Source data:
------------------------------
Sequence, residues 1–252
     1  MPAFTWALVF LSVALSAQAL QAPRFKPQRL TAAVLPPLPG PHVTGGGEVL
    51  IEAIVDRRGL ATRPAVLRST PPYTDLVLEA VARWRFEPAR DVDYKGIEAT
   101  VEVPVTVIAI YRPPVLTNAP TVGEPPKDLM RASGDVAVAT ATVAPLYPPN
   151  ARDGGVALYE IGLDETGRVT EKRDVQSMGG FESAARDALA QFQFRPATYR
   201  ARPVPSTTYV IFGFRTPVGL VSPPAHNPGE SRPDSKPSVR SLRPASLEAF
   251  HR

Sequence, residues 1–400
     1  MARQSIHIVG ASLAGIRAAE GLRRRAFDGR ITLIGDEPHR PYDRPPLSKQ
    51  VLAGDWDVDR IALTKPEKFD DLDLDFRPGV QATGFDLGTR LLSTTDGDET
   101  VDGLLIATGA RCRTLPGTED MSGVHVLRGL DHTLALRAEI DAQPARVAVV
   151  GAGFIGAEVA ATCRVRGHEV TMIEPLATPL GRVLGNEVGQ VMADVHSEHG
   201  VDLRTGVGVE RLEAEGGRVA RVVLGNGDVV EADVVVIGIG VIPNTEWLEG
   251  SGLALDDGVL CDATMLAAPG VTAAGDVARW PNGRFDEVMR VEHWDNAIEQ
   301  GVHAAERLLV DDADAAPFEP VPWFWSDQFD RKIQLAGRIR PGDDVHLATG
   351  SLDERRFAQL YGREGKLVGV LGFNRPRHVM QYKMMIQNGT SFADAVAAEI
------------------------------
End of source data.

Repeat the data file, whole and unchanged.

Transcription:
Sequence, residues 1–252
     1  MPAFTWALVF LSVALSAQAL QAPRFKPQRL TAAVLPPLPG PHVTGGGEVL
    51  IEAIVDRRGL ATRPAVLRST PPYTDLVLEA VARWRFEPAR DVDYKGIEAT
   101  VEVPVTVIAI YRPPVLTNAP TVGEPPKDLM RASGDVAVAT ATVAPLYPPN
   151  ARDGGVALYE IGLDETGRVT EKRDVQSMGG FESAARDALA QFQFRPATYR
   201  ARPVPSTTYV IFGFRTPVGL VSPPAHNPGE SRPDSKPSVR SLRPASLEAF
   251  HR

Sequence, residues 1–400
     1  MARQSIHIVG ASLAGIRAAE GLRRRAFDGR ITLIGDEPHR PYDRPPLSKQ
    51  VLAGDWDVDR IALTKPEKFD DLDLDFRPGV QATGFDLGTR LLSTTDGDET
   101  VDGLLIATGA RCRTLPGTED MSGVHVLRGL DHTLALRAEI DAQPARVAVV
   151  GAGFIGAEVA ATCRVRGHEV TMIEPLATPL GRVLGNEVGQ VMADVHSEHG
   201  VDLRTGVGVE RLEAEGGRVA RVVLGNGDVV EADVVVIGIG VIPNTEWLEG
   251  SGLALDDGVL CDATMLAAPG VTAAGDVARW PNGRFDEVMR VEHWDNAIEQ
   301  GVHAAERLLV DDADAAPFEP VPWFWSDQFD RKIQLAGRIR PGDDVHLATG
   351  SLDERRFAQL YGREGKLVGV LGFNRPRHVM QYKMMIQNGT SFADAVAAEI